Tuesday, September 14, 2010

The absurdity of a Coalition electoral pact

It is one thing to enter expedient, temporary coalition to govern because the electorate determined such an outcome, but it is quite another to engineer a pre-determined perpetual coalition of government because the party leaders find it expedient.

Apparently, there is a book advocating lasting Conservative-LibDem fusion; a majority of Conservatives favour a ‘non-aggression pact’ in key marginals; and Paul Goodman at ConservativeHome is ‘not unsympathetic’ to the idea of a pact.

His Grace would like to nip this fatuous idea in the bud directly.

It is not that there are not some genuine areas of agreement between the Conservative and Liberal Democrat parties: there are, not least because of their long shared heritage of Whig and Tory disparities which have occasionally been so nuanced as to permit Churchill to defect (and re-defect) and Thatcher to claim Gladstone as her political soul-mate. Liberalism and Toryism are not mutually exclusive, and the Conservative Party has evolved as a ‘broad church’ expression of competing wings held in tension.

But one could also find accord in the stated objectives of the Conservative and Labour parties, or the Conservatives and UKIP, or the Conservatives and the Greens, or the Conservatives and the BNP.

Political parties do not generally go into an election seeking actively to cause unemployment, increase poverty, make industry less competitive or foment social division.

They do not generally differ in their stated macro-objectives, but they manifestly do in the foundational political theories by which those objectives might be attained.

Or they used to.

The Coalition has no permanent cohesive political theory: it is the product of temporary necessity to reduce the deficit. It is a bit more than a one-night stand, but it is not a foundation for marriage.

There is more than a whiff of continental ‘Christian Democracy’ in this idea, which is founded upon a notion of ‘social justice’ quite antithetical to that which Conservatives have traditionally espoused: Anglo-Saxon One-Nation Toryism is not synonymous with continental Christian Democracy.

Setting aside for one moment Mr Goodman’s list of known unknowns, it is doubtful that even the Conservative Party’s constitutional (‘Hague’) reforms grant the Party Board this degree of omnipotence. Of course they control candidates (and their selection), so they would not ultimately have to ‘persuade’ any loyal Conservative to stand aside in favour of a LibDem; they would simply order it on pain of deselection and with the threat of placing the local association in ‘support status’.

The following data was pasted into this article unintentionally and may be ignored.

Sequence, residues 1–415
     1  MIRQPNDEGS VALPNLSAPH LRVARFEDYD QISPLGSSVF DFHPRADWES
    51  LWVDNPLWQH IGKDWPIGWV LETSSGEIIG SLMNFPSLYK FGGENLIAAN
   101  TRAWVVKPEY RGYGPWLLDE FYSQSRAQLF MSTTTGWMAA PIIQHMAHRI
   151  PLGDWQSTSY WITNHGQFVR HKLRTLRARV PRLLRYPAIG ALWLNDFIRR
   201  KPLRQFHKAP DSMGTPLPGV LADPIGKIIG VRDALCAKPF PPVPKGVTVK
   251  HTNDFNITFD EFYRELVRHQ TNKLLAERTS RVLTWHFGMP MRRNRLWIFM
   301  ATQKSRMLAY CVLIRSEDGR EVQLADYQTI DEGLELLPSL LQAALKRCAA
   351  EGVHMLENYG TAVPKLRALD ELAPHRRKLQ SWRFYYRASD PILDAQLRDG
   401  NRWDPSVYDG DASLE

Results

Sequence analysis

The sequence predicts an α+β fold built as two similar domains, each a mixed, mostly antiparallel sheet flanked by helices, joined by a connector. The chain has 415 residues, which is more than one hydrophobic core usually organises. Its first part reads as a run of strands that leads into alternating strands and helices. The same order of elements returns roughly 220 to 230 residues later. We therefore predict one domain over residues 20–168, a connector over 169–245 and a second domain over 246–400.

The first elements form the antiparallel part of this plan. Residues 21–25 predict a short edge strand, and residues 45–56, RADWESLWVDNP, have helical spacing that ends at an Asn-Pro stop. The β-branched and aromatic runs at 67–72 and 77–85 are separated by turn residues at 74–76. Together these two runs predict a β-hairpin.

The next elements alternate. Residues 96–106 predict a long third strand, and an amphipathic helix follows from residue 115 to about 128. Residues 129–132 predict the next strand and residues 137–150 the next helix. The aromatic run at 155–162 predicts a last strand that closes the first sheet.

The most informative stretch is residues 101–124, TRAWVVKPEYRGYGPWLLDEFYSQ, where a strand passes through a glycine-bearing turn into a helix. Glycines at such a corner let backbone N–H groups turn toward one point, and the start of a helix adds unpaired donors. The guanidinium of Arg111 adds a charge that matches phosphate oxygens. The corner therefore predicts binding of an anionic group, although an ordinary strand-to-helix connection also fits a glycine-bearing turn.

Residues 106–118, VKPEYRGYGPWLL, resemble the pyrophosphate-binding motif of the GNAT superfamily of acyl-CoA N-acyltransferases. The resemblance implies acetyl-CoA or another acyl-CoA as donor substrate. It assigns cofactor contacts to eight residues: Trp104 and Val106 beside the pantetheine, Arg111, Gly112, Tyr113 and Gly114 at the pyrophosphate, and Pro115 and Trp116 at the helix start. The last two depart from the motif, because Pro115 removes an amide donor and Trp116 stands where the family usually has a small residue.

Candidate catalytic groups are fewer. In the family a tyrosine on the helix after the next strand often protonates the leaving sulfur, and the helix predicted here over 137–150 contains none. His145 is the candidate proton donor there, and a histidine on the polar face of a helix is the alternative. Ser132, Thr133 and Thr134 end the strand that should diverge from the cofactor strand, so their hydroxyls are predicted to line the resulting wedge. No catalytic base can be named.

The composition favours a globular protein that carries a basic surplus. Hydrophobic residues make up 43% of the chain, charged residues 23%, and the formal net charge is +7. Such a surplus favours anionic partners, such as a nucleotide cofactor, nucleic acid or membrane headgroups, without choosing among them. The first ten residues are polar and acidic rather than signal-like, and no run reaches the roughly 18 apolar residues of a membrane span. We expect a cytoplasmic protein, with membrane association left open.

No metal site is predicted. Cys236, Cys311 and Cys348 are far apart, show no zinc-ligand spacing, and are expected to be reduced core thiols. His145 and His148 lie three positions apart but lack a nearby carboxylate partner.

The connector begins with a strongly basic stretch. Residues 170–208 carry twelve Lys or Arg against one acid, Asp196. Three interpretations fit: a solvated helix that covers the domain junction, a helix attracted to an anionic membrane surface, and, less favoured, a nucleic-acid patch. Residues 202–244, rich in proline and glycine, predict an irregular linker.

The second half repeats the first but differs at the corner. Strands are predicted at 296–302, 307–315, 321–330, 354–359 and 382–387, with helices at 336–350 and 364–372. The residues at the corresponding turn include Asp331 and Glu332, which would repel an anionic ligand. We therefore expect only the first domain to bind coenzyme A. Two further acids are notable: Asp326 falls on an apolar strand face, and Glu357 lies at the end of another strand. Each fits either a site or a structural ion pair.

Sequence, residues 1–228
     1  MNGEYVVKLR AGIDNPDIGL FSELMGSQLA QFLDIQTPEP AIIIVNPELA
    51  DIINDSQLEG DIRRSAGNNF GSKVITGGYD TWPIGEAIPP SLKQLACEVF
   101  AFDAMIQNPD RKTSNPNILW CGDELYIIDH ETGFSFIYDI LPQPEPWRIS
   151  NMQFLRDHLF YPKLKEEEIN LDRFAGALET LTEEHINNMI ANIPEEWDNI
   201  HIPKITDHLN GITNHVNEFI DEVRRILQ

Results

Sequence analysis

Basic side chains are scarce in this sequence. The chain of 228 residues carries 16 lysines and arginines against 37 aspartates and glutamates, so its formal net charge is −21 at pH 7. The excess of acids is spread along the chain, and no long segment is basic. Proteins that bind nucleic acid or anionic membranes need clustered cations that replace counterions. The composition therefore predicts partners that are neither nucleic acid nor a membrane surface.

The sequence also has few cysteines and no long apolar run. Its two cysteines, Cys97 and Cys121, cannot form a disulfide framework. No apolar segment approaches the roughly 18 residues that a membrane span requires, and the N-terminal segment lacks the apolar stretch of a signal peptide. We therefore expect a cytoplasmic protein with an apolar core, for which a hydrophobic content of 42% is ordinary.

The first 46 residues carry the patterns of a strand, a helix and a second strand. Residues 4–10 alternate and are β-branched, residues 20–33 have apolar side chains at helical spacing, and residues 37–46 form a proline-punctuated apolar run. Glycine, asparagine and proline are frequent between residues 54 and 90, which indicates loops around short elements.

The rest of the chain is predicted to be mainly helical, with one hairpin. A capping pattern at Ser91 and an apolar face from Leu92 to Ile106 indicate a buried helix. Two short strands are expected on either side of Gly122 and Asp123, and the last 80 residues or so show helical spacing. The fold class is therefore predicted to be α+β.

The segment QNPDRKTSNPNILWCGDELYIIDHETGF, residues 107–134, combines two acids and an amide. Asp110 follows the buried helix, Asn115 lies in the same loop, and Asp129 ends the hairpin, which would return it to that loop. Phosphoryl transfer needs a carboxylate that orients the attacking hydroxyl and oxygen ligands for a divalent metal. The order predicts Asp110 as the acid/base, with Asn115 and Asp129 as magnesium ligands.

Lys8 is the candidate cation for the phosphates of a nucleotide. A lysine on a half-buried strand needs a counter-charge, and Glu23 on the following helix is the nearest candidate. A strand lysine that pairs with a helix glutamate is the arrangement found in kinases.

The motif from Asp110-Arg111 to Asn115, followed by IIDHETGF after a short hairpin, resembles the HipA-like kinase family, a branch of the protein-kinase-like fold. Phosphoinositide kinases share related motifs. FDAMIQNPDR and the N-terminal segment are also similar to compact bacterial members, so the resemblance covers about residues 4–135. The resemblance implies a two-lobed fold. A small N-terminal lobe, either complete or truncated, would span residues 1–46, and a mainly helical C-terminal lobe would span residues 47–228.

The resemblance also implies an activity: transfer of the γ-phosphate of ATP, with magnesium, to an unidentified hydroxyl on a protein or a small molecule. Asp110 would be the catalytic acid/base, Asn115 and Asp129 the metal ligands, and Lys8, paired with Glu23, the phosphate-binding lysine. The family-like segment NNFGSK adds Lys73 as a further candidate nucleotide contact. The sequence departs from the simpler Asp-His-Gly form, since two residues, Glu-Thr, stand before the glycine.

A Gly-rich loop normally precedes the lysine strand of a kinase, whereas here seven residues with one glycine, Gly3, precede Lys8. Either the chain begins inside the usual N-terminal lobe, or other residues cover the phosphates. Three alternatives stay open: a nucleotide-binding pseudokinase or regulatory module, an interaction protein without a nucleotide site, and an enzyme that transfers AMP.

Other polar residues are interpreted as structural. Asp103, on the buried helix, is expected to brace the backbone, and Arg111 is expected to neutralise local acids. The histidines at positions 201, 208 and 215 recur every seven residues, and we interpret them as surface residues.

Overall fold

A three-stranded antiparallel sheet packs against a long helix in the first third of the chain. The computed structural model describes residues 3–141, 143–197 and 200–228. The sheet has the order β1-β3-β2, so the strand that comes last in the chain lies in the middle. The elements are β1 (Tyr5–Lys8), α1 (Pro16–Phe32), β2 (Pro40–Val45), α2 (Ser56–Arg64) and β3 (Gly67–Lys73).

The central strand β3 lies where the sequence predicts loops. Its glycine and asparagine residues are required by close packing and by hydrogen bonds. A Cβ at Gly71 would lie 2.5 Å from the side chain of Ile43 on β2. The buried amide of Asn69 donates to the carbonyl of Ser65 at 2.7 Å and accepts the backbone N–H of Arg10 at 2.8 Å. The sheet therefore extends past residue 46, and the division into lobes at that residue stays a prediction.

But the Conservative Party’s appetite for power demands electoral victory; that thirst for victory is predicated upon fighting every constituency; and fighting every constituency necessitates fielding a Conservative candidate in every seat.

And if the Conservative Party does not do so, there will be quite a few ‘Independent Conservatives’ crawling out of the woodwork to stand against an agreed Coalition candidate.

And His Grace would be among the first.

And this would not breach Party rules (causing expulsion) because there would be no Conservative candidate contesting the seat and so one would not be standing against the Party.

Unless, of course, the Party Board re-writes the rules under the aegis of its own Lisbon self-amending passerelle clause.

But the age of centralisation is over.

Isn’t it?


Blogger David said...

You say: 'And this would not breach Party rules (causing expulsion) because there would be no Conservative candidate contesting the seat and so one would not be standing against the Party'...
I may have understood and I come down on neither side of this debate, but couldn't The Tory party put up its own official candidate against you if you stand independently?

14 September 2010 at 10:39  
Blogger Rebel Saint said...

Give me UKIP over the Liberals any day. As YG has already observed, with a UKIP alliance there'd be no need for the Liberals anyway as an outright Conservative majority would have been secured.

Of course, much better if UKIP could win power on their own without having to form an alliance with the Conservatives, but that's for another day.

Ah, it's good to have you back YG :oD

14 September 2010 at 10:44  
Anonymous Anonymous said...

This is a very well-argued and completely correct piece - in the old-fashioned sense without the prefix 'politically'.
We do need more principles guiding us, and for the nation to be ConDemned to this rather Fluffy Government forever would be enough to get a chap slinging the rope over the beam.

Coalitions tend to produce tedious elite consensus that's totally out of touch with mainstream opinion. We just got rid of one: we don't need another one that lasts forever.
Two thirds of UK voters want out of the EU. The BBC says they're mad, and the Coalition offers a complex, weaselly semi-referendum 'block'. It's exactly why we should get back to directional politics as soon as possible.

14 September 2010 at 11:19  
Blogger Dave said...

Onwards to the one party state.
At the moment the centre ground is overcrowded, having three parties where two will suffice.
After all, we're told what we're getting. We get no choice on the structure. We get to choose the curtains or other non-essentials.
What purpose do the LibDems serve as yet another centre-left party?
The Tories will absorb some, Labour will absorb the rest, and then it's back to business as usual.